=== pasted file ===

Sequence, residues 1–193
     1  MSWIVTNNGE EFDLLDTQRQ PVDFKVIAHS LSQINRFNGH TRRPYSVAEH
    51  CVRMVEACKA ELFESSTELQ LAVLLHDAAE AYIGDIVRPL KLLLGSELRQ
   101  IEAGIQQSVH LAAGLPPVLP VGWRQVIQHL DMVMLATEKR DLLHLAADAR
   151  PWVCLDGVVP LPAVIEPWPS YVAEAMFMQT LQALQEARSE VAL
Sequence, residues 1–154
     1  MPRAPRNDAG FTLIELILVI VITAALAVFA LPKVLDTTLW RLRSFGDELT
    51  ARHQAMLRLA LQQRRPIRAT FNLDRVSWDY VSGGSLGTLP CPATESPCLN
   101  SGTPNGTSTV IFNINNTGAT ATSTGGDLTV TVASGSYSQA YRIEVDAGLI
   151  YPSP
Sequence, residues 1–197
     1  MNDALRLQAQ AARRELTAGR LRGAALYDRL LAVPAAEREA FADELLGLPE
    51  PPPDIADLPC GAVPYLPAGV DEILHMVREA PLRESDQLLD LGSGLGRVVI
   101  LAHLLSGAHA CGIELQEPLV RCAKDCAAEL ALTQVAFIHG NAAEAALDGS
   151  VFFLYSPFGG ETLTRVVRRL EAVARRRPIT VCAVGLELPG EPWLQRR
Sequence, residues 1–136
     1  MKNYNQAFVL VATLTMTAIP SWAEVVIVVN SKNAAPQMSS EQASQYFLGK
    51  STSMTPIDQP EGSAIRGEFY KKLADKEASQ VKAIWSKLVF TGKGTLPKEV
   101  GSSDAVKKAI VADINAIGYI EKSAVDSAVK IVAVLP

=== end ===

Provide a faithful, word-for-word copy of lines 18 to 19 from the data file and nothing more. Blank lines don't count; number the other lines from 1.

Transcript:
    51  STSMTPIDQP EGSAIRGEFY KKLADKEASQ VKAIWSKLVF TGKGTLPKEV
   101  GSSDAVKKAI VADINAIGYI EKSAVDSAVK IVAVLP